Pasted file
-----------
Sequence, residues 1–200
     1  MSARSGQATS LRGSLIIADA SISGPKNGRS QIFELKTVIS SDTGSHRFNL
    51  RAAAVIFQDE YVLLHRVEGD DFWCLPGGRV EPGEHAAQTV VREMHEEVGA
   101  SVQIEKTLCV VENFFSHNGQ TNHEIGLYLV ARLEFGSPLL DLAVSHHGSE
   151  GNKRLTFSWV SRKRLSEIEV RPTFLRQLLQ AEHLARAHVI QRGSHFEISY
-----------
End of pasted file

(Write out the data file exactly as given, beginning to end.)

Sequence, residues 1–200
     1  MSARSGQATS LRGSLIIADA SISGPKNGRS QIFELKTVIS SDTGSHRFNL
    51  RAAAVIFQDE YVLLHRVEGD DFWCLPGGRV EPGEHAAQTV VREMHEEVGA
   101  SVQIEKTLCV VENFFSHNGQ TNHEIGLYLV ARLEFGSPLL DLAVSHHGSE
   151  GNKRLTFSWV SRKRLSEIEV RPTFLRQLLQ AEHLARAHVI QRGSHFEISY